Weather and Climate in Southwest Alaska

A weather station in Kenai Fjords National Park.
A weather station in Kenai Fjords National Park.

Weather and climate are key physical drivers of ecosystem structure and function. Global climate models indicate that climate change and variability is occurring more rapidly and amplified at higher latitudes. Trends in southwest Alaska’s average annual air temperatures from 1947 to 2019, our longest consistent records, show an increase of 4.9°F at Kenai and 5.1°F at Iliamna over that time period. Monitoring is critical to understanding these changes and how they impact park ecosystems, resources and communities now and in the future.

The Hot, Dry Summer of 2019

Last summer was exceptionally clear and dry and resulted in record-high temperatures that made for some of the hottest days, weeks, and months ever recorded in many parts of Alaska. The extreme temperatures and drought contributed to an increase in fire activity and the resulting smoke impacted everything from air traffic to human health to park visitation and natural resources in southwest Alaska (Figure 1).

Two images side by side. On the left a map of Alaska showing warmer than normal temperatures and on the right, a satellite image of smoke covering much of Alaska.
Figure 1. In June and July 2019, a heatwave in Alaska broke temperature records, as shown in this July 8 air temperature map on the left. The corresponding satellite image on the right shows smoke from lightning-triggered wildfires (NASA Earth Observatory).

Southwest Alaska parks experienced some of the highest temperatures ever recorded at nearby weather stations operating for 75 years or more (Figure 2). The extreme temperatures increased water temperatures in some rivers and lakes and enhanced the melting of glaciers that in turn contributed to greater runoff and higher water levels in others.

Three graphs showing the summer maximum temperatures across Southwest Alaska, including record-breaking hot days.
Figure 2. Summer maximum temperatures across Southwest Alaska broke records, red circles; King Salmon (top, Katmai) broke records for six consecutive days starting on July 4th, the highest temperature recorded at Iliamna (center, Lake Clark) had eight record-breaking days, including six consecutive days in early July. Kenai (bottom, Kenai Fjords) broke records across seven days, including July 4th, also the hottest day on record (NOAA ACIS).

With Heat Came Drought

Along with extreme heat there was a lack of precipitation in southwest Alaska. Anchorage recorded its driest (0.04 inch, of normally 3.25 inches precipitation) and warmest August ever (average temperature of 62.6°F, 5.9°F above normal). This resulted in the most severe early September drought indices since the National Weather Service began reporting them for Alaska in 2000 (Figure 3).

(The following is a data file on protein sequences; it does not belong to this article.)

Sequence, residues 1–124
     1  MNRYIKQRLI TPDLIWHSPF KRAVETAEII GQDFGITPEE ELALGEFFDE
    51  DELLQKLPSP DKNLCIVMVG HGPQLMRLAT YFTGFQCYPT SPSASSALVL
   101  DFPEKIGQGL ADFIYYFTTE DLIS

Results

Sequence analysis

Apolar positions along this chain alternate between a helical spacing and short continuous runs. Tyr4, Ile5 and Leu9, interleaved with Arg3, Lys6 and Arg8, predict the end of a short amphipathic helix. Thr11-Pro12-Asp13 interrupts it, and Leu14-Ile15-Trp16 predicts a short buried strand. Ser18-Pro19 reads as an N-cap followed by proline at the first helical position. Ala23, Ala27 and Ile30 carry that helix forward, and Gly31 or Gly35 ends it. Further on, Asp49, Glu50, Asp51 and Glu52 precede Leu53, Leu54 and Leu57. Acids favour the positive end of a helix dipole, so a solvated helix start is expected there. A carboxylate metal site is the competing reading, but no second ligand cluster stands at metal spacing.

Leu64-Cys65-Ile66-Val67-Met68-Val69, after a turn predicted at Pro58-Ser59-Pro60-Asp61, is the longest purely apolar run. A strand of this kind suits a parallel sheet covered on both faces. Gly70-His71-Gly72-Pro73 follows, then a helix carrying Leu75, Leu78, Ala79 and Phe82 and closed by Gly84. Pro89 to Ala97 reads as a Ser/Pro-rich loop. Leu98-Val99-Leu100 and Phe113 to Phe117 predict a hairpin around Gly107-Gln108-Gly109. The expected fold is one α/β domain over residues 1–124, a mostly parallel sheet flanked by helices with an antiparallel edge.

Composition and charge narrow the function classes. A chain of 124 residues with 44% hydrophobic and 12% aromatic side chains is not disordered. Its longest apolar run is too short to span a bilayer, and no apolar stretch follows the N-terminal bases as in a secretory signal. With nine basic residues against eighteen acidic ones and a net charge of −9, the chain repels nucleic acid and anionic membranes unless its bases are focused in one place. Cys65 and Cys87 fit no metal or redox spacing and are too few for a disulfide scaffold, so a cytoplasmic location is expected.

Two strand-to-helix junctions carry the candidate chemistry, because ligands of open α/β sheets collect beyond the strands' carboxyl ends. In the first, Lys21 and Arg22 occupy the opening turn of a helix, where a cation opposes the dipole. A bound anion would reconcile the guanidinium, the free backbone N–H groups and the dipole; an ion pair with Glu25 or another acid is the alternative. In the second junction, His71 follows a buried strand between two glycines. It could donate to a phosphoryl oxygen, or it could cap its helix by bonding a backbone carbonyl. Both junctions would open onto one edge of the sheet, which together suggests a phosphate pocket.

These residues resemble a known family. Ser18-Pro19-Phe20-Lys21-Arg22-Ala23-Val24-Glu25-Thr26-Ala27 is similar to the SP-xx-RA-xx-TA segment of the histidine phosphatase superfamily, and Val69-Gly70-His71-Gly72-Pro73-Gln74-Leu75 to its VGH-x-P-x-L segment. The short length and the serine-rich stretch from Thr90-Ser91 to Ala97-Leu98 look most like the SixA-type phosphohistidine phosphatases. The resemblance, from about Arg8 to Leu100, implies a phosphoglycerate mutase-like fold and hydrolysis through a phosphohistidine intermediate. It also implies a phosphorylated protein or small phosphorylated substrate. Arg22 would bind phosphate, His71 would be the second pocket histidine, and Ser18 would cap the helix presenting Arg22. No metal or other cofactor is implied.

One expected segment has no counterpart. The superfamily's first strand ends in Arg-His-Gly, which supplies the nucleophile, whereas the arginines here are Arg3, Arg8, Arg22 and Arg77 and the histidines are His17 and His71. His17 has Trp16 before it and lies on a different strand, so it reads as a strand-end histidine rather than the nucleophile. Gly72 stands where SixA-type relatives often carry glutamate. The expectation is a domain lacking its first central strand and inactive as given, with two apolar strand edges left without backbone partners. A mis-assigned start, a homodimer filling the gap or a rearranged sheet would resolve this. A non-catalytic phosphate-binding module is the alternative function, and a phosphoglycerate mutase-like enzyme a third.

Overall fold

A map of Alaska with coloration indicating drought severity.
Figure 3. September 3, 2019 drought conditions were the most severe reported since monitoring began in 2000, with moderate to extreme drought throughout much southwest southcentral and southeast Alaska (National Drought Mitigation Center).

The Cold Winter of 2020

The heat of this past summer may seem like a distant memory after experiencing the sustained, often sub-zero, cold of the past winter. While it may have seemed extremely cold, the statewide temperatures have not been extreme when compared to the long-term climate observations (Figure 4). However, the cold persisted for longer than it has for decades in most of Alaska, which was due to the consistent strong low-pressure circulation over Alaska known as the polar vortex. The polar vortex exhibited less seasonal variation last winter than it has in recent years when it brought Arctic air to the central and eastern US. The variability in the polar vortex and its relationship to climate change is an active area of current research.

Three graphs showing the winter temperatures across Southwest Alaska, including record-breaking warm days.
Figure 4. Winter temperatures in southwest Alaska were below average for extended periods over the winter, blue boxes. Maximum temperatures were also recorded in early December, red circles; King Salmon (top, Katmai) broke high temperature records for two days in December, Iliamna (center, Lake Clark) broke records for four days in December, and Kenai (bottom, Kenai Fjords) recorded a maximum daily temperature record on December 9.

What's in Store for Spring and Summer 2020?

Climate predictions for the spring through summer of 2020 show high probabilities for near normal temperatures in April phasing into a warmer-than-average spring and a hot summer across Southwest Alaska.

Discover More about Climate in Alaska's Parks

Real time data from Inventory and Monitoring Network weather stations can be found at:
Western Region Climate Center
Meso West

Check the weather at a specific station around Kenai Fjords National Park.

Quarterly climate predictions from the National Weather Service

Long term climate projections can be found at Scenarios Network for Alaska Arctic Planning

NASA Arctic Sea Ice Minimum

More on the Pacific Decadal Oscillation

More on snow and ice cover can be found at the National Snow and Ice Data Center

Katmai National Park & Preserve, Kenai Fjords National Park, Lake Clark National Park & Preserve

Last updated: April 10, 2020